Texas Gov. Abbott First to Deny Refugee Resettlement Under Recent Trump Admin. Order

Nick Kangadis | January 13, 2020
Font Size

Haven’t you heard? The U.S. is evil, Texas in particular. Even though the U.S. is basically the world’s police, allows the United Nations to inhabit the country’s biggest city, gives more humanitarian aid to other nations than any other country and provides opportunity to more people than any other country because of the freedoms the U.S. has, the U.S. is evil.

Sometimes, you need to have the guts to stand up and say ‘enough.’

While the media was more interested in whether Prince Harry and Meghan Markle will continue to live in a castle or not, Texas Governor Greg Abbott (R) released a letter on Friday stating that the state of Texas will not be accepting any new refugees.

The move makes Texas the first state to deny refugees following a September 2019 Trump administration order stating that resettlement agencies “must get written consent from state and local officials in any jurisdiction where they want to help resettle refugees beyond June 2020,” according to the Associated Press (AP).

In a Friday letter to Secretary of State Mike Pompeo, Abbott basically said ‘enough.’

Here’s what Abbott wrote to Pompeo:

On behalf of the State of Texas, I write in response to Executive Order 13888, on Enhancing State and Local Involvement in Refugee Resettlement, as issued by President Trump on September 26, 2019.

Texas is one of the most welcoming states for refugees seeking to escape dangers abroad. Since FY2010, more refugees have been received in Texas than in any other state. In fact, over that decade, roughly 10% of all refugees resettled in the United States have been placed in Texas. Even today, the process of resettling continues for many of these refugees.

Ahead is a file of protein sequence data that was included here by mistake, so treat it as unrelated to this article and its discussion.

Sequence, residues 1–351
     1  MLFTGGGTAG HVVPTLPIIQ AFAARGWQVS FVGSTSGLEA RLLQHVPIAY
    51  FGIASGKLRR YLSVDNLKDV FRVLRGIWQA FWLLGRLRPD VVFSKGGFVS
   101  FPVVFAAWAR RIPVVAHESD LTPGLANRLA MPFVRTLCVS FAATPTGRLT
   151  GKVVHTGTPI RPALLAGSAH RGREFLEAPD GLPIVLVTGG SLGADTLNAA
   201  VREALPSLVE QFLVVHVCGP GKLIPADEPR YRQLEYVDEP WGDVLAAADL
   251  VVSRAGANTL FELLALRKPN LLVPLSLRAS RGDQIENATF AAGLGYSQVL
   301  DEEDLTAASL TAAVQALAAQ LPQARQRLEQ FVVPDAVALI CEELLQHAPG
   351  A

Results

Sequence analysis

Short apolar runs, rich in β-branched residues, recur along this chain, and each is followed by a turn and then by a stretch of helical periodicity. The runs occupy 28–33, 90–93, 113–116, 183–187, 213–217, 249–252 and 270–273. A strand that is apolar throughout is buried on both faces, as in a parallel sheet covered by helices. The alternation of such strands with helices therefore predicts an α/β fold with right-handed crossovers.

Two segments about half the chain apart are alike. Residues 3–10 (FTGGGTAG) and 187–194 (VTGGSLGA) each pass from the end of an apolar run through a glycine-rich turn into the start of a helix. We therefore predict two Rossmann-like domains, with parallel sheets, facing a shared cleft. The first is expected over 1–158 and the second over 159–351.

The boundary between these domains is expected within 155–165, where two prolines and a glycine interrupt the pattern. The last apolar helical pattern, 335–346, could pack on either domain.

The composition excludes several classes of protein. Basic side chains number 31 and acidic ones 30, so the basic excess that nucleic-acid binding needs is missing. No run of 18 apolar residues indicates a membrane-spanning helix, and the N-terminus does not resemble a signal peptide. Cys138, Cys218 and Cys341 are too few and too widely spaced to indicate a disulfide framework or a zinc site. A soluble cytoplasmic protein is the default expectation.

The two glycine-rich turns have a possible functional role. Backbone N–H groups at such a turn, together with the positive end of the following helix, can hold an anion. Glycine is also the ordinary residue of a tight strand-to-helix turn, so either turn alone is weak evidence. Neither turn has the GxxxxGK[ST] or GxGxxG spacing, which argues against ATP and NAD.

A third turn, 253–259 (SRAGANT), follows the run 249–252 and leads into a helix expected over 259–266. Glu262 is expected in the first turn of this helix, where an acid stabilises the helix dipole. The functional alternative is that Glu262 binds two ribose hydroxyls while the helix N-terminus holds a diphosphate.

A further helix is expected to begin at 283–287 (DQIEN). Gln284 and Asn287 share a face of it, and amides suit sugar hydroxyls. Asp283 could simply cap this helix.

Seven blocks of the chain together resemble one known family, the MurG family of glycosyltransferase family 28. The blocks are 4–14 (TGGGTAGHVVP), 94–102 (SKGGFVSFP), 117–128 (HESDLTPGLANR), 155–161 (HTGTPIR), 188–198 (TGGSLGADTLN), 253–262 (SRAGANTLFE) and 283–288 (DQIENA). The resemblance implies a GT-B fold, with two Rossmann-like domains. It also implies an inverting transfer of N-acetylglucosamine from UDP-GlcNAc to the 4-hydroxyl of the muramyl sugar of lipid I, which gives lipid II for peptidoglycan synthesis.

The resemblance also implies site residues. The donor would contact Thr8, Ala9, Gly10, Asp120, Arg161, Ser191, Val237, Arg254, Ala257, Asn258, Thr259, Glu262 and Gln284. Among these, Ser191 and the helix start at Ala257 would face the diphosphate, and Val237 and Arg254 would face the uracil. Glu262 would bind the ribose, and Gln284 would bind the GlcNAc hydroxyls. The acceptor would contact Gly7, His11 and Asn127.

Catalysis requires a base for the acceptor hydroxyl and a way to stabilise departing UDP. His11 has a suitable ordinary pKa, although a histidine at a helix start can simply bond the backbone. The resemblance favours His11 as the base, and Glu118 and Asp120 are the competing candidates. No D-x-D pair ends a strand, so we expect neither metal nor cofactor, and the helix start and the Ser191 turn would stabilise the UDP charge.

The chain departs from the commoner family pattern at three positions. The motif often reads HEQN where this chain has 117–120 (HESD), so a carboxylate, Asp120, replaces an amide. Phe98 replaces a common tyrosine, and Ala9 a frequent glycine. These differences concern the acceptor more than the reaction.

In addition to accepting refugees all these years, Texas has been left by Congress to deal with disproportionate migration issues resulting from a broken federal immigration system. In May 2019, for example, around 100,000 migrants were apprehended crossing this state’s southern border. In June 2019, individuals from 52 different countries were apprehended here. And in FY2018, the apprehensions included citizens from disparate countries like China, Iran, Kenya, Russian, and Tonga. Texas continues to have to deal with the consequences of an immigration system that Congress has failed to fix.

At this time, the state and non-profit organizations have a responsibility to dedicate available resources to those who are already here, including refugees, migrants, and the homeless — indeed, all Texans. As a result, Texas cannot consent to initial refugee resettlement for FY2020. This decision does not deny any refugee access to the United States. Nor does it preclude a refugee from later coming to Texas after initially settling in another state.

Texas has more than its share in assisting the refugee resettlement process and appreciates that other states are available to help with these efforts.

I think that a letter like that makes Abbott’s decision pretty clear, and it’s not like his argument for not accepting more refugees is unreasonable.

The AP noted that 42 other governors have said they will consent to accepting more refugees, but the remaining governors that haven’t are all Republicans (Alabama, Georgia, Florida, Mississippi, South Carolina, and Wyoming).